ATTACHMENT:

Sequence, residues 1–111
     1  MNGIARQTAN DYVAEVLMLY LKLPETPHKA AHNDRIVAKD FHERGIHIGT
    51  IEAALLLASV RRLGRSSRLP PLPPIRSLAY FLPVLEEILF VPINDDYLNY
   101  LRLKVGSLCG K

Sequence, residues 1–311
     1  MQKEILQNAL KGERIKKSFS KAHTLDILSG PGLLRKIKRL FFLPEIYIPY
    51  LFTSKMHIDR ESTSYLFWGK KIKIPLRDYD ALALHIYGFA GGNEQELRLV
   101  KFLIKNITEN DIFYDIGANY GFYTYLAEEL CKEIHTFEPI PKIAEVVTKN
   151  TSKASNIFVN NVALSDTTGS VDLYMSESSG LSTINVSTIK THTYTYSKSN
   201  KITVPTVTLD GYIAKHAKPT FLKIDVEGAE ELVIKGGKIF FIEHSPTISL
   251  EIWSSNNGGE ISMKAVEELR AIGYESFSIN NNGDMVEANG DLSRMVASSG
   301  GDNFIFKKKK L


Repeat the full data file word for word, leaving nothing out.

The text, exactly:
Sequence, residues 1–111
     1  MNGIARQTAN DYVAEVLMLY LKLPETPHKA AHNDRIVAKD FHERGIHIGT
    51  IEAALLLASV RRLGRSSRLP PLPPIRSLAY FLPVLEEILF VPINDDYLNY
   101  LRLKVGSLCG K

Sequence, residues 1–311
     1  MQKEILQNAL KGERIKKSFS KAHTLDILSG PGLLRKIKRL FFLPEIYIPY
    51  LFTSKMHIDR ESTSYLFWGK KIKIPLRDYD ALALHIYGFA GGNEQELRLV
   101  KFLIKNITEN DIFYDIGANY GFYTYLAEEL CKEIHTFEPI PKIAEVVTKN
   151  TSKASNIFVN NVALSDTTGS VDLYMSESSG LSTINVSTIK THTYTYSKSN
   201  KITVPTVTLD GYIAKHAKPT FLKIDVEGAE ELVIKGGKIF FIEHSPTISL
   251  EIWSSNNGGE ISMKAVEELR AIGYESFSIN NNGDMVEANG DLSRMVASSG
   301  GDNFIFKKKK L